S. Niccolò in Carcere (Book 6) (Map C3) (Day 5) (View C9) (Rione Ripa) and (Rione Campitelli)
In this page:
The plate by Giuseppe Vasi
S. Niccolò in Carcere
S. Maria della Consolazione
Ospedale della Consolazione
Offices of the guilds
We are near Piazza Montanara in an area
where Roman ruins became medieval buildings or churches or even market-places.
Vasi adds to this plate a touch of melodrama: two men are fighting probably
for a woman and one of them has a knife! The view is taken from the green dot in the small 1748 map here below.
In the description below the plate Vasi made reference to: 1) Ancient Columns of S. Nicola in Carcere;
2) Street leading to S. Maria della Consolazione; 3) Fountain in Piazza Montanara; 4) Street leading to S. Galla.
3) is shown in detail in another page. The small map shows also: 5) S. Omobono; 6) S. Maria della Consolazione; 7) Ospedale della Consolazione; 8) Offices of the guilds.
The dotted line in the small map delineates the borders between Rione Sant'Angelo (small area on the left),
Rione Ripa (left lower quarter) and Rione Campitelli.
The net of small houses around the church was pulled down in the 1930s: the church and the nearby Palazzo Orsini are now isolated.
The church in its present form is due to Giacomo della Porta who
built it at the expense of a Cardinal Aldobrandini (the stars are part
of the Aldobrandini coat of arms) in 1599.
The church at the foot of the Capitol has a nice façade by Martino Lunghi which was completed in the XIXth century in the same style. The apse of the church has one of the finest madonnelle. It was painted in 1658 by Nicola Berrettoni to celebrate the end of the 1656-57 plague.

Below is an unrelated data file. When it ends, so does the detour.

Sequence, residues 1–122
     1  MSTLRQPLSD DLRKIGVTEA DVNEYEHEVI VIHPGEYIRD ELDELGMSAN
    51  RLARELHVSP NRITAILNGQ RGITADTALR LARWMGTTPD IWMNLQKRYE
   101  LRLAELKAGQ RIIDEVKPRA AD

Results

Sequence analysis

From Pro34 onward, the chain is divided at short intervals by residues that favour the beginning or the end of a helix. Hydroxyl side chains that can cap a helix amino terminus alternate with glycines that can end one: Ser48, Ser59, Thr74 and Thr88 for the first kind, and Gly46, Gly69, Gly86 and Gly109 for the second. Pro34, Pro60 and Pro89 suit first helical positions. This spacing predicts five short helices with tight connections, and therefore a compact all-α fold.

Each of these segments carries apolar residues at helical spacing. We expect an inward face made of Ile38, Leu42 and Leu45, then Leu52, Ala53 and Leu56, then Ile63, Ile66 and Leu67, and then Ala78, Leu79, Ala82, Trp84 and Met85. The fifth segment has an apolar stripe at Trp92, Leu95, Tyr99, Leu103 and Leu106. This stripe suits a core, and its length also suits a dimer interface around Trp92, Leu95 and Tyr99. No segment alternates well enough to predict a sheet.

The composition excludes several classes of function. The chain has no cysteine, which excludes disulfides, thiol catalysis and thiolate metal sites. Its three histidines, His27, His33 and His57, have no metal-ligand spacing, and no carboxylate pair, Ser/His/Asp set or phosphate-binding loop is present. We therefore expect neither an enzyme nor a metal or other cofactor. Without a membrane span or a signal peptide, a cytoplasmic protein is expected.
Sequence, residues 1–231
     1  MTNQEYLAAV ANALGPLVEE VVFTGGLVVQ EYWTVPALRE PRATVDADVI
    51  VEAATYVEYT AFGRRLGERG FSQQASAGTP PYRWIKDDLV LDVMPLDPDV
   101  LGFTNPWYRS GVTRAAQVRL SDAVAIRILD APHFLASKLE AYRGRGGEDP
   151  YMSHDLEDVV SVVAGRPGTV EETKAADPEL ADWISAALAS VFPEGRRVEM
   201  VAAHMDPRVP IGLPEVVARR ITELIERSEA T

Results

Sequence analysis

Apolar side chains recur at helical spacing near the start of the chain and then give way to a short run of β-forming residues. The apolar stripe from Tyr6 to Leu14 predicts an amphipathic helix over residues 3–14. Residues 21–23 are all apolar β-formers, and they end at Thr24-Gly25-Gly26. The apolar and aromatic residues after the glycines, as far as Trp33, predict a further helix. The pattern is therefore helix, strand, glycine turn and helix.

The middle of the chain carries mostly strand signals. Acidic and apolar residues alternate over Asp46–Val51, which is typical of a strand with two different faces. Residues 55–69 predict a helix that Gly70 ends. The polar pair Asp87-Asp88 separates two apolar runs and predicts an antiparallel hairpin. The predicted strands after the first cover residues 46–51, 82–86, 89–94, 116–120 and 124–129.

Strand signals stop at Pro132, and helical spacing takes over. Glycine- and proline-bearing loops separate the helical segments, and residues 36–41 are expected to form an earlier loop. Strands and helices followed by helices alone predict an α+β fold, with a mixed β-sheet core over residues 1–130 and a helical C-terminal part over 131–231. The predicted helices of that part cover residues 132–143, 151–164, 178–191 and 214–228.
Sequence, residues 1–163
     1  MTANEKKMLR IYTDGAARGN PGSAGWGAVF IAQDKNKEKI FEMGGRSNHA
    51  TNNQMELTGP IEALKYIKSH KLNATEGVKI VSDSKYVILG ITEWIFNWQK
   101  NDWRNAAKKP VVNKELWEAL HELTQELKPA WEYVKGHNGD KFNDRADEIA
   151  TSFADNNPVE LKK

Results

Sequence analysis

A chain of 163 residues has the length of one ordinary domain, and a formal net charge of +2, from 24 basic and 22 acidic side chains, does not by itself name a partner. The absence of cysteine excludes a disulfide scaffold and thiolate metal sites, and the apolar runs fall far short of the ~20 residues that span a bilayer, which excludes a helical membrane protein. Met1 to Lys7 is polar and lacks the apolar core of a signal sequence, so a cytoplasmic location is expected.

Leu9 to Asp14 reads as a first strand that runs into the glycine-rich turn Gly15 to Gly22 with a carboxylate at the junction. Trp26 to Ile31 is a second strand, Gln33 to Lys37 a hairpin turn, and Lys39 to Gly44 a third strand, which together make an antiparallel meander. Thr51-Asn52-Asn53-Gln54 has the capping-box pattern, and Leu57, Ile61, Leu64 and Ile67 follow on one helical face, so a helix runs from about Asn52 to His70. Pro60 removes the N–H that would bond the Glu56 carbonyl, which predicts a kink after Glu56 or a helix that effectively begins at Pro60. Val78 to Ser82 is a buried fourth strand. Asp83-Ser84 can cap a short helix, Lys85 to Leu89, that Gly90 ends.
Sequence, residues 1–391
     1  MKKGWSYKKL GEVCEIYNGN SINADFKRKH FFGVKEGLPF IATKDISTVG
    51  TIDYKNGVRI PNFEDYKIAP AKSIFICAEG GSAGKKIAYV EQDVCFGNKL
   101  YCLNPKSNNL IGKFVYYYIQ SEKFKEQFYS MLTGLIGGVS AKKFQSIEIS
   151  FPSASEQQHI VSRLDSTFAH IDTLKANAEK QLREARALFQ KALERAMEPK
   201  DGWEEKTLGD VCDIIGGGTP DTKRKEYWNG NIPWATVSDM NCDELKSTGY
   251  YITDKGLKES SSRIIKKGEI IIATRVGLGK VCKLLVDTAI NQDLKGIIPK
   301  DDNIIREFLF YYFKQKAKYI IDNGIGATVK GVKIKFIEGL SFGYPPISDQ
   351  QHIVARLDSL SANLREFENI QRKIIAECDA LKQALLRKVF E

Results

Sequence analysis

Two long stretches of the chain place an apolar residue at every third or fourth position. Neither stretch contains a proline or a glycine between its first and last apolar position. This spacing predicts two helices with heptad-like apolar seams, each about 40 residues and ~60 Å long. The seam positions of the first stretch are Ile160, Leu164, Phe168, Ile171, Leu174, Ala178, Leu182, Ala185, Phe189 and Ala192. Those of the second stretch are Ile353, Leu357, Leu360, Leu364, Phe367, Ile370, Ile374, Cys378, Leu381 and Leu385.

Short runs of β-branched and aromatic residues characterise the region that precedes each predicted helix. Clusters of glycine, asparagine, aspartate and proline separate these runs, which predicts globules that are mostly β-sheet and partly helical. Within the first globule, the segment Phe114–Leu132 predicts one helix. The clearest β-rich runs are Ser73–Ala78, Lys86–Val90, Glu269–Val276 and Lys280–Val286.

Ospedale della Consolazione was founded at the beginning of the XVIth century by uniting three small existing hospitals. It was modified and enlarged several times, but it gradually lost importance and in 1936 it was closed. In 1942 several buildings on the slopes and at the foot of Campidoglio were pulled down to isolate the hill: this led to the partial loss of the hospital buildings, but its most ancient part with two nice Renaissance portals was spared (although it is now used for other purposes). The coat of arms with three crosses is a reference to the three hospitals.
The area around the small church was widely excavated in the 1960s
and many interesting remains were found dating back to the very early days
of Rome. The stairs leading to the church show the difference of the ground
level. Today's level is higher than the level at the time of Ancient Rome,
but is lower than the level at Vasi's time (this can be noticed also in
S. Niccolò in Carcere).
Everybody knows the grand entrance to
Piazza del Campidoglio, designed by Michelangelo. Not many are aware that during working hours the piazza
can be reached from S. Niccolò in Carcere going up through a park on the southern side of the hill. One reaches a Renaissance loggia
identical to and facing that of Convento di S. Maria in Aracoeli; the buildings on both sides of the steps leading down to the piazza hosted the offices of the Roman guilds, which
were decorated with inscriptions and reliefs showing the instruments of their trade (MURATOR. = masons; AROMATARIOR. = Perfume makers).
Next plate in Book 6: S. Grisogono
Next step in Day 5 itinerary: S. Giorgio al Velabro
Next step in your tour of Rione Ripa: S. Giorgio al Velabro
Next step in your tour of Rione Campitelli: Portico di Monte Caprino
Go to or to Book 6 or to my Home Page on Baroque Rome or to my Home Page on Rome in the footsteps of an XVIIIth century traveller.